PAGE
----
Hubble shows autumn colors of the Soul Nebula

The new photo obtained thanks to the Hubble Space Telescope reveals the beauty of space, where we can admire the incredible skill of nature to create magical objects. This image reflects the nebula LBN 667 (S2-199) in the constellation Cassiopeia in all its magnificent beauty, just at a time when nature in the Northern Hemisphere is preparing for its transformation into autumn’s fiery colors. This giant object is surrounded by a mysterious aura and hides infinitely many secrets.

Just in time for the autumn foliage season, this image from the NASA/ESA’s Hubble Space Telescope shows a brilliant crimson-red scene. It shows a small area of the Westerhout 5 nebula, which lies at a distance of about 7000 light-years from Earth. In this shining image, flooded with bright red light, you can see a lot of interesting objects, in particular a free-floating evaporating gas ball (frEGG). This is a small dark area in the shape of a tadpole in the upper left corner in the center. Photo: ESA/Hubble

The name of this nebula is Westerhout 5, or as it is also called the Soul Nebula. This is an emission nebula, which means that its remarkable colors and shapes are created thanks to gas that has been ionized by the light of bright and hot stars. When very massive stars are born, they release powerful streams of radiation known as stellar winds. These winds blow out neighboring matter, preventing other stars from developing in the immediate vicinity. This leads to the creation of cavities in the nebula. Between these cavities, the gas thickens, creating conditions for the birth of new stars. Such a life cycle of stars is an inexhaustible source of cosmic wonders, and by studying them, we continue to learn everything new about the Universe.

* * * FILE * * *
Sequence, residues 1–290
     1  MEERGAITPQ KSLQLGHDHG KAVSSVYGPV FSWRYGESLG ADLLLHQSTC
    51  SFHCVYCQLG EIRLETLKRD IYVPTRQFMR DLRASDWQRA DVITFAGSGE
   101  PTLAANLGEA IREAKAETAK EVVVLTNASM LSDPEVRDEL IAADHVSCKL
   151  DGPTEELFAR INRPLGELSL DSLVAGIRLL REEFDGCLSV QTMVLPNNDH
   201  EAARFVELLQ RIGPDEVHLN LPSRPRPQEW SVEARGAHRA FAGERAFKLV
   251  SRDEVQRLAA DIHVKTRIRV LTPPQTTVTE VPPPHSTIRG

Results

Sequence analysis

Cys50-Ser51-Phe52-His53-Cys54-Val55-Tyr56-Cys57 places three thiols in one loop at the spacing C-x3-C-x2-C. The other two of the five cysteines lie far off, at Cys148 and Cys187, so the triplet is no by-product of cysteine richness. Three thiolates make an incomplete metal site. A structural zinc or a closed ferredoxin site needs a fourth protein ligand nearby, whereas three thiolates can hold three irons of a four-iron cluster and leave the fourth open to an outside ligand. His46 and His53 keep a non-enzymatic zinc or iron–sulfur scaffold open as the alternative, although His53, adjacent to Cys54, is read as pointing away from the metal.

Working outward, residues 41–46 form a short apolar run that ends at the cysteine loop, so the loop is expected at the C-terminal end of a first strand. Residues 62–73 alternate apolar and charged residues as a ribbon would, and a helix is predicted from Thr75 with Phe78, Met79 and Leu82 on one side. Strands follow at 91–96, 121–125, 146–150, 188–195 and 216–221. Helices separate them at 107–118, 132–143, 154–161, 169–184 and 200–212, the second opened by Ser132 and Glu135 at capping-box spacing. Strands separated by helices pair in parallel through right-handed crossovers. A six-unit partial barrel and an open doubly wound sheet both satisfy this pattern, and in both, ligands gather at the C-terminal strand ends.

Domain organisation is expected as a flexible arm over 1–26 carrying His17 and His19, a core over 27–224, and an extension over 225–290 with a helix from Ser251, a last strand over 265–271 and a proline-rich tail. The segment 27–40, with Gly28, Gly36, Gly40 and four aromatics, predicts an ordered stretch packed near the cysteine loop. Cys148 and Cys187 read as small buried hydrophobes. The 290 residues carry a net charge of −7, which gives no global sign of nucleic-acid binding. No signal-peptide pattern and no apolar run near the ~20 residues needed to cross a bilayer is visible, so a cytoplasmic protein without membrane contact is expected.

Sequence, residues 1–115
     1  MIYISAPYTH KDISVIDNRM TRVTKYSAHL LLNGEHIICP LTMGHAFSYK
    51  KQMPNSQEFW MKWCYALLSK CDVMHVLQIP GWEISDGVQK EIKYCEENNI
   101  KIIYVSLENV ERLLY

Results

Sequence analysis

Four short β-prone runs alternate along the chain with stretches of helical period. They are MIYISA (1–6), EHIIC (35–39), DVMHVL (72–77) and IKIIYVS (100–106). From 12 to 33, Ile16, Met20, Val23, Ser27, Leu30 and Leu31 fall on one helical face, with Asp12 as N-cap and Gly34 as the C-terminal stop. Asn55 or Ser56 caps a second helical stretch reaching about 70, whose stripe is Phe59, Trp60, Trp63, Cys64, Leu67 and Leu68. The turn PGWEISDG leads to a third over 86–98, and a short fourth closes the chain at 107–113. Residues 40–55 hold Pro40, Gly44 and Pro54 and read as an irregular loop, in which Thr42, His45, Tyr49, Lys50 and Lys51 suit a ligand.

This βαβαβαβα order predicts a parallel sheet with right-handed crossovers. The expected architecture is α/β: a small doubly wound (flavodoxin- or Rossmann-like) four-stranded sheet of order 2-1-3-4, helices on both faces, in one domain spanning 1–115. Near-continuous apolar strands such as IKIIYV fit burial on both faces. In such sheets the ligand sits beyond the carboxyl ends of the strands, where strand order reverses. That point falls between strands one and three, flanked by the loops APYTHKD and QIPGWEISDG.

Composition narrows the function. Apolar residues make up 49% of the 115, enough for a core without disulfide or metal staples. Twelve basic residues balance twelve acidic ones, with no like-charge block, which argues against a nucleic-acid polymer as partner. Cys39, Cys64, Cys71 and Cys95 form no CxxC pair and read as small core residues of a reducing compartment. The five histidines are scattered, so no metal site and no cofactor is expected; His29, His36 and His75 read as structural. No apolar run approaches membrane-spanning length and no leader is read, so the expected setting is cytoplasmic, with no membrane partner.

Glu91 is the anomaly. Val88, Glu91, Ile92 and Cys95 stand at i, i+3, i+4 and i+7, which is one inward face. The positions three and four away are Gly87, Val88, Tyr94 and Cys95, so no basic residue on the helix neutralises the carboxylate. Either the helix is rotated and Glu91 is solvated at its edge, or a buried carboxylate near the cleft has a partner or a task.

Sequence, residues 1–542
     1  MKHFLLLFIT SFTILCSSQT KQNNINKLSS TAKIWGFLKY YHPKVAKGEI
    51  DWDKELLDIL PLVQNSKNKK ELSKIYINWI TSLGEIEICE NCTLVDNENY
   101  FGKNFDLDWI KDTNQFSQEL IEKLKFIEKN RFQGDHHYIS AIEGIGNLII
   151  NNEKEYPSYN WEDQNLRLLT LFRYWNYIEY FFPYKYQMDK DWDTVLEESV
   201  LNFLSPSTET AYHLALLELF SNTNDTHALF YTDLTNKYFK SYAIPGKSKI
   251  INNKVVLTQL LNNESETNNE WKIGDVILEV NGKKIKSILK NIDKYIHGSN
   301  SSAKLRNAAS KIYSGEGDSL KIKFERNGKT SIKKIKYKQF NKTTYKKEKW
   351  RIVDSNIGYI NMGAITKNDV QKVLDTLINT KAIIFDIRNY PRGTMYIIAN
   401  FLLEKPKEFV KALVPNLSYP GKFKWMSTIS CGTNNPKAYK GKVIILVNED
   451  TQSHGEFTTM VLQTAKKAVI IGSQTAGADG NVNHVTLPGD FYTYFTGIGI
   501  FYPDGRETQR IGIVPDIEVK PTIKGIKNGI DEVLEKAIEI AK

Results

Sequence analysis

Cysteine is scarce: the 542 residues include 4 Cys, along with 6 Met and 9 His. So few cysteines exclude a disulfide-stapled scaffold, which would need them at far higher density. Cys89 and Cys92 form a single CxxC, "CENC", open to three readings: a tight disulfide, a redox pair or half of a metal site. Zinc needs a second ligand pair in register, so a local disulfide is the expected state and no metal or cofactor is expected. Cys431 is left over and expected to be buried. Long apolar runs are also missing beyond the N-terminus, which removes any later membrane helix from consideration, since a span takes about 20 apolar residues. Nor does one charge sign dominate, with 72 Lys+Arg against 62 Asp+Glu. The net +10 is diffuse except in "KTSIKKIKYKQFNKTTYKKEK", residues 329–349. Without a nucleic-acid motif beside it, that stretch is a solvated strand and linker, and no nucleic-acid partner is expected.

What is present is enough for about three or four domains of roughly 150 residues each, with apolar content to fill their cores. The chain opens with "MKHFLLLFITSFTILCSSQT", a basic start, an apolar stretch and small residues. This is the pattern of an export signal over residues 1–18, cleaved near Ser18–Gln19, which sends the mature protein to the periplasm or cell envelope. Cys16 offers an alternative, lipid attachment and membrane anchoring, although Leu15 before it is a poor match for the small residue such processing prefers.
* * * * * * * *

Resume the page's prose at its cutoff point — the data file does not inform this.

IC 1848 (Soul Nebula) — a general view of the diffuse nebula and the scattered cluster in the constellation Cassiopeia

One of the most interesting features of this photo is the dark area that stands out at the top in the middle. This area is known as a free-floating evaporating gas ball, or frEGG. This dense pocket of gas is more resistant to radiation ionizing the gas around it, and forms a kind of “egg” from which new stars can arise. This process is known as EGG and has already been studied thanks to the incomparable Hubble telescope. The most famous example of this is a picture of the Pillars of Creation taken by the same telescope, where these pockets of gas are visible, which resemble irregularities on the pillars of the nebula.

Over time, these pockets of gas can incubate new stars as the density of the surrounding space increases and they become hotter, which creates ideal conditions for the embryos of stars that will be born inside these cosmic eggs. Every detail of this image is a window to the incredible processes that take place in a distant space. We were only lucky to observe this miracle thanks to a wonderful combination of science and technology.

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